As immigration attorneys, one scenario we frequently encounter is where foreign nationals part ways with the US company that sponsored their nonimmigrant visa. Regardless of who initiated the change, terminating employment/representation with the US company sponsoring the foreign national's visa requires immediate attention, ideally well before the change is to take place. It can be stressful for everyone involved. To allow all parties involved to prepare for and understand the implications, we have compiled some of the most frequently asked questions from foreign nationals.
My visa is still valid, right?
In short, no. When foreign nationals part ways with their petitioning US company, they are immediately out of status. Their petition and visa stamp are only valid for as long as they are employed in the position specified.
Before explaining this answer further, it is important to clarify the terminology. Foreign nationals often refer to different things when they reference their "visa." Most times, foreign nationals refer to their visa stamp, which is the physical page that has been laminated into the passport by a US Embassy/Consulate abroad. Other times, foreign nationals refer to their I-797 approval notice which signifies approval of the employer’s petition for a nonimmigrant visa from US Citizenship & Immigration Services (USCIS).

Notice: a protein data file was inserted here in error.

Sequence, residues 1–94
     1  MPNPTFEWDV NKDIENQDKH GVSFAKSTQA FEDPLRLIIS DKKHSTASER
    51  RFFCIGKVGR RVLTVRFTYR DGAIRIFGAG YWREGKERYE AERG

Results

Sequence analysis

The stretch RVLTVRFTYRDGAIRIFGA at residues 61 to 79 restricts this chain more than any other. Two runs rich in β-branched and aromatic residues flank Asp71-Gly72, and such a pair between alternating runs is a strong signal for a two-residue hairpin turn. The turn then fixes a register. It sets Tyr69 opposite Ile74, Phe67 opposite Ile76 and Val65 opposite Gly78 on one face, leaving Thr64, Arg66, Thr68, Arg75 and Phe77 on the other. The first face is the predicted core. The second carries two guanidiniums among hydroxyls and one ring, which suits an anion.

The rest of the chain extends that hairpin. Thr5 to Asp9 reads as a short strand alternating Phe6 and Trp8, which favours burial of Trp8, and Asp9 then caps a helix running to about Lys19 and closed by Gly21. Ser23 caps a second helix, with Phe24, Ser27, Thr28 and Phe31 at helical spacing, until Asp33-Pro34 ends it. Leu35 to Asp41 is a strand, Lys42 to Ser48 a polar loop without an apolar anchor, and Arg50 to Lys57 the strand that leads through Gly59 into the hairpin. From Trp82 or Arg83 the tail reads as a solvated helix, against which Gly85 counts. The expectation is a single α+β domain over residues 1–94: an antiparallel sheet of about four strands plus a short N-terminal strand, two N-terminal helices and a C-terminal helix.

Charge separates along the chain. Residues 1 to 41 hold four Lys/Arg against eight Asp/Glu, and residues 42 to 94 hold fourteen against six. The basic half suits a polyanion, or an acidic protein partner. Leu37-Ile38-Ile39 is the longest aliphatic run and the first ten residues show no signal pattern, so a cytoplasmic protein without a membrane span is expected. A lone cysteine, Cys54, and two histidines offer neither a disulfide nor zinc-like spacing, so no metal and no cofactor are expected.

So in responding to the question, we would say that although their visa stamp may be unexpired, when foreign nationals are no longer employed/represented by their US visa sponsor, the underlying petition and I-797 approval notice become invalid. This is because the terms represented to USCIS in the underlying nonimmigrant visa petition have changed—namely the foreign national is no longer represented or employed with the petitioner. In other words, visa petitions are tied to the visa sponsor, and once foreign nationals cease working with their petitioning US company, their visa petition is no longer valid. Without an underlying valid approved I-797, foreign nationals will fall out of status.
Does this mean I have to leave the US right away? Is there a grace period?
When foreign nationals end their employment they fall out of status unless they leave the US. There is no official “grace period” for most work-related, petition-based visa statuses. With that said, while there is no section of the law that explicitly authorizes a “grace period,” Customs and Border Protection (CBP) in practice traditionally grants a ten-day period for foreign nationals to settle their affairs and depart the US at the termination of their visa status. (It is why foreign nationals often note they sometimes have ten days extra added to their stay when they enter the US.) Also, USCIS will grant a change of status or extension of status within thirty days of a foreign national's last pay check. This effectively allows foreign nationals a thirty-day grace period if they intend to have a new employer file a new petition or change to another status.